“Brain Education” is a Universal Human Right

(Editor’s note: This article is from a past issue of Brain World magazine. If you enjoy this article, please consider a print or digital subscription!)

The preamble to the United Nations Universal Declaration of Human Rights document has been recognized by historian Paul Kennedy for its “breathtaking vision, boldness, and expansiveness.” The Declaration acknowledges the inherent dignity, and the equal and inalienable rights of all members of the human family as the foundation of freedom, justice, and peace in the world.

In identifying the human family in such a manner, the Declaration also proclaims that education is a right, and that the process of educating “should aim to develop the full human personality, and inculcate a spirit of understanding, tolerance, and friendship.” (Article 26, section 2)

What does it take for this human rights educational decree to be fulfilled? First and foremost, every human being should be provided an equal opportunity to obtain the best quality education possible. Every citizen of the world should be afforded the chance to achieve his or her intellectual potential and be self-supporting, peaceful, contributing citizens of our global society.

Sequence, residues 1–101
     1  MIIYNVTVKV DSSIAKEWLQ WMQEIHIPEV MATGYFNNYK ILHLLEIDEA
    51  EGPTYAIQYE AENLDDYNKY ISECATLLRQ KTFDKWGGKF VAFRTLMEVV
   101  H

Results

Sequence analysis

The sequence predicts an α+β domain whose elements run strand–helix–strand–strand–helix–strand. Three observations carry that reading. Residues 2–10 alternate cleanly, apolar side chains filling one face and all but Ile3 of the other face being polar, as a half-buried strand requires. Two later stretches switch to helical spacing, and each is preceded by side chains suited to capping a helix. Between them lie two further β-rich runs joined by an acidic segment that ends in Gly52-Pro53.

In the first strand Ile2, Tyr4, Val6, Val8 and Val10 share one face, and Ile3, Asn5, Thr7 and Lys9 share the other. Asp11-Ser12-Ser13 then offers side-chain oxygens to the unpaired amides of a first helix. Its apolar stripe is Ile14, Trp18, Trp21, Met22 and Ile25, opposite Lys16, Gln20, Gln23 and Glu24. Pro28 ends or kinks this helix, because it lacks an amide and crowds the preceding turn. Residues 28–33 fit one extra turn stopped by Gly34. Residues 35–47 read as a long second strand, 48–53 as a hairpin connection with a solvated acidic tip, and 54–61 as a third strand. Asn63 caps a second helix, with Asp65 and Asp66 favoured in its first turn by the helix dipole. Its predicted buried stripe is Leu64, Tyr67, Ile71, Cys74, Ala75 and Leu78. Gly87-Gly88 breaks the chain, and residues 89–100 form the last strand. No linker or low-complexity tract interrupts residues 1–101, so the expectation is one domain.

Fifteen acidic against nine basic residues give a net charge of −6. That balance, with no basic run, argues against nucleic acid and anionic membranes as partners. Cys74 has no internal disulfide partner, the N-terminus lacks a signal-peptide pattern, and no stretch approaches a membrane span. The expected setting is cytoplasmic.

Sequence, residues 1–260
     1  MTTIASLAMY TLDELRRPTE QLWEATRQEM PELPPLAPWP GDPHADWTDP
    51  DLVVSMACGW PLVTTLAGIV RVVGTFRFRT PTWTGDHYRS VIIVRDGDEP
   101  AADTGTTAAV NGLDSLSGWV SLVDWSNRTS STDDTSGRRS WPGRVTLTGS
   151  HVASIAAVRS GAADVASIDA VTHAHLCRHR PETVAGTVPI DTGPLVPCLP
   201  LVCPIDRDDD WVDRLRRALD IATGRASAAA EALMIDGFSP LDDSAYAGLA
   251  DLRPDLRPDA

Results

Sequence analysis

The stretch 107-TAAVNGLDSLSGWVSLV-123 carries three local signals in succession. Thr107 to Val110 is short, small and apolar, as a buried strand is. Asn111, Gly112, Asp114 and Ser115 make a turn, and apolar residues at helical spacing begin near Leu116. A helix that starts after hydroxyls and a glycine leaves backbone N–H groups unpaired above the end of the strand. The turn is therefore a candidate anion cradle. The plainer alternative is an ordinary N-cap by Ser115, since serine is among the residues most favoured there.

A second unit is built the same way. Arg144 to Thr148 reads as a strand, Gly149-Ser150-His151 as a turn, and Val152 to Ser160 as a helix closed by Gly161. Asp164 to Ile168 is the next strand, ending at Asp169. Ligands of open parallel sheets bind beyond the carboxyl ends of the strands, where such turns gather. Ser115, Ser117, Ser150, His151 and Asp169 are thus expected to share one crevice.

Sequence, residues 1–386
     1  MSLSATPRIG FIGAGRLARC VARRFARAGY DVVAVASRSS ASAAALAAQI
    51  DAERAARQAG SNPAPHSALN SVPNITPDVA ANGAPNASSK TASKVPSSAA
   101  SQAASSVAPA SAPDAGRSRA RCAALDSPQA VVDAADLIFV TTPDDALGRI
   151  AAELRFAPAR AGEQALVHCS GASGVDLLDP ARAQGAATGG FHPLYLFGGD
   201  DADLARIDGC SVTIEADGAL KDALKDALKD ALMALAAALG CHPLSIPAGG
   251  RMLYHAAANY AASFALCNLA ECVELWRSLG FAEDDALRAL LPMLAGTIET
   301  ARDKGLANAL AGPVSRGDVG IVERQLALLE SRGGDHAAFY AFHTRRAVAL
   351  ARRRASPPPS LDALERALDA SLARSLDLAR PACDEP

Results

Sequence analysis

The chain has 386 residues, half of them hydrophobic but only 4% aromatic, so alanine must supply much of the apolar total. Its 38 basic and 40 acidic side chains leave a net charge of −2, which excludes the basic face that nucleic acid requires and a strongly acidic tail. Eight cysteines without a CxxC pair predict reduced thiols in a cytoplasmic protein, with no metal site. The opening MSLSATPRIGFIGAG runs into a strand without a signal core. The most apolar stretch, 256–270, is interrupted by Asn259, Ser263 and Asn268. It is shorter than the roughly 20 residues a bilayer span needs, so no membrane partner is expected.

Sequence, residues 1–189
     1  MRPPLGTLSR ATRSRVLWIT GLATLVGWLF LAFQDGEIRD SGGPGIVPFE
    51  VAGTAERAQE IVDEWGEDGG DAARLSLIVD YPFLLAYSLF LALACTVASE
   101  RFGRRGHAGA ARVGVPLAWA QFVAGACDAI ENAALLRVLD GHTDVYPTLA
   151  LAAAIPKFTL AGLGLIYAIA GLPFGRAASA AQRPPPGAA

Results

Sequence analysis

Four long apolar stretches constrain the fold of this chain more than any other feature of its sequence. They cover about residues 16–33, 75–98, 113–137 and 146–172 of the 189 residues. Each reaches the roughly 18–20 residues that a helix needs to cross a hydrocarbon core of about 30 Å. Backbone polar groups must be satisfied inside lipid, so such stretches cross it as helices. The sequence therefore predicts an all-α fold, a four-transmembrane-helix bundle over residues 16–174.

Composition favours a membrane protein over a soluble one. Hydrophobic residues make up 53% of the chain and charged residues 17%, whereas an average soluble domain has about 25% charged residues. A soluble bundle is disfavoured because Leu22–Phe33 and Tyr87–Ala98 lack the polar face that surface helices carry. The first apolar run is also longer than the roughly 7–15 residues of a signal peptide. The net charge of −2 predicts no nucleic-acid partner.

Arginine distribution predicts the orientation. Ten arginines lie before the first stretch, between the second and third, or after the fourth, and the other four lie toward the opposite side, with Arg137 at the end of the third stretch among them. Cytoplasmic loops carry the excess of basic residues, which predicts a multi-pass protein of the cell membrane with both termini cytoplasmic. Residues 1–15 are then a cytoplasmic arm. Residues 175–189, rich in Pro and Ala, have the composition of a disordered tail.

But to be truly effective, there is another critical aspect of education that must be added to the educational process of every student. All students should be provided the latest research available about the brain and how it learns. Children have the right to be the recipients of proven, quality, current research on the brain and learning — because understanding the brain and how it works enhances children’s learning potential. Being educated with the brain in mind gives children the opportunity to better understand themselves, their behavior and emotions. They become aware that they are born with a powerful set of human capabilities, that they have the power of compassion, love, peace, empathy, and of their unlimited potential.

Furthermore, children can learn that they are not born with hatred towards others in their minds; that this is learned from one’s environment and experiences. It is a human right for children to know that they have the ability to access their unique set of human capabilities. Teachers should be trained to help students understand and tap these abilities.

“Brain education” is a powerful and innovative educational process that every school system in the world can implement. Schools can begin by teaching students about their brains and the ability they have to choose to use their brains well for creating peace, health, and happiness. Children will learn through brain education that they have the ability to always practice love and tolerance. They will learn they have the power to think critically and disregard information that disrespects the human rights of others. They will learn to choose, as individuals, to live a respectful and peaceful life.

(Editor’s note: This article is from a past issue of Brain World magazine. If you enjoy this article, please consider a print or digital subscription!)

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